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22 June 2013 Posted by 

Adobe moves creative to the cloud

ADOBE, the leading software company targeting creative professionals, is exiting the shrink-wrap software business in favour of subscription-based software and online "cloud" services.

While perhaps painful at first, the business model change will be ultimately beneficial for consumers and Adobe alike, and other software companies are likely to follow, say experts.

On May 6, Adobe said it would stop developing its flagship Creative Suite, which includes applications such as Photoshop, in favor of Creative Cloud, a subscription-based service for software and updates.

The company had been transitioning from a traditional software business model, which revolves around one-time product licensing, to subscription-based services, but decided to take a big plunge by removing the option for traditional licensing for new versions of the its popular creative tools.

The move is an acknowledgement that software is rapidly transitioning toward collaboration, subscriptions and use on multiple platforms such as Apple's iOS, Google's Android, Mac OS and Microsoft's Windows.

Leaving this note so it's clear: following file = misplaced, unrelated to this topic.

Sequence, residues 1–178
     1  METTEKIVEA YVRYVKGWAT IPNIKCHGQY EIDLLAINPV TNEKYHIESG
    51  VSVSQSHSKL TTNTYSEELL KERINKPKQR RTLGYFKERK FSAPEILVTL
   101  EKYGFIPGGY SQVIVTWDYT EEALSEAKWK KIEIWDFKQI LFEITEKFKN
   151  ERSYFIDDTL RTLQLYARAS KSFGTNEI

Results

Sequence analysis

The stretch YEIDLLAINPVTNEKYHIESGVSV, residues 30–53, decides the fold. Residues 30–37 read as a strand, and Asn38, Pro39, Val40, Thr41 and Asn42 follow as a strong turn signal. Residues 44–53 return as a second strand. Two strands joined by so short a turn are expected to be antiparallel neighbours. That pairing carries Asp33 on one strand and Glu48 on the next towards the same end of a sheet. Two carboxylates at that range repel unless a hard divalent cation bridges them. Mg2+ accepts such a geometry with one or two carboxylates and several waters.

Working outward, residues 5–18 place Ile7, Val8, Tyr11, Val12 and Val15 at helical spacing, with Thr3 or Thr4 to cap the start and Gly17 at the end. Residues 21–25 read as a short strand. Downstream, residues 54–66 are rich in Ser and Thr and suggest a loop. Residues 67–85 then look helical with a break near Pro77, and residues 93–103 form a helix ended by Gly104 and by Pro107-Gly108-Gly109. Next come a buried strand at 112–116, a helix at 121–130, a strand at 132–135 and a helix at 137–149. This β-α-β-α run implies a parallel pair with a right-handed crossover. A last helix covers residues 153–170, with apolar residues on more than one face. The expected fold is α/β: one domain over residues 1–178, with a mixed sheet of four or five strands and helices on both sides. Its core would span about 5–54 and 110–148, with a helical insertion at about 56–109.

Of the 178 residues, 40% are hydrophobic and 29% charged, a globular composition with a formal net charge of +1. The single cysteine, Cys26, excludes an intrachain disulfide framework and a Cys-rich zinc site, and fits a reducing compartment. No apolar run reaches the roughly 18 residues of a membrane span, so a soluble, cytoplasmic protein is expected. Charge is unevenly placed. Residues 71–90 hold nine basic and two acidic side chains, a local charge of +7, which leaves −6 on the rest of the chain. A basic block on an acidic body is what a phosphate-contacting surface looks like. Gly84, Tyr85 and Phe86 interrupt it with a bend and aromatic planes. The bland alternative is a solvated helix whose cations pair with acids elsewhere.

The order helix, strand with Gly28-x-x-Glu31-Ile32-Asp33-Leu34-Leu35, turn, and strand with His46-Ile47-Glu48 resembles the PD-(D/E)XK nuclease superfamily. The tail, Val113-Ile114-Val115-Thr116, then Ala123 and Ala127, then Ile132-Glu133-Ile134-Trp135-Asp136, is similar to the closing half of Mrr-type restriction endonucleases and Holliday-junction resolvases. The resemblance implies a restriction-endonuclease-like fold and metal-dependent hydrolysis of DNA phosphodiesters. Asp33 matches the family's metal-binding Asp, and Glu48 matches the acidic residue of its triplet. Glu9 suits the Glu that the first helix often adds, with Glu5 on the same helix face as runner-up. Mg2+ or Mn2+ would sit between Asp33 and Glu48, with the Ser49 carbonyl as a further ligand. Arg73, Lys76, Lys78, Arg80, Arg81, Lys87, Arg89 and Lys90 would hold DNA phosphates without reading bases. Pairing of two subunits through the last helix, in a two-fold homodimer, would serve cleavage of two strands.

Wharton marketing professor Pinar Yildirim says that Adobe's move is a positive one for consumers, who are increasingly mobile and don't want to be tethered to a single desktop application. Customers also will benefit from regular updates and gain access to more features, she says.

"With a cloud suite, product updates can be easily controlled and executed by the firm and for all consumers at once. This has cost-cutting benefits, such as not having to deal with customer service calls about a software version from five years ago, and operating with more efficient technology as it becomes available to improve consumers' experience," says Yildirim.

Reaction to Adobe's move was mixed on Twitter. Many customers who bought the firm's most recent Creative Suite 6 didn't like the idea of paying a subscription for additional services and new features. Others cheered Adobe for making a big move.



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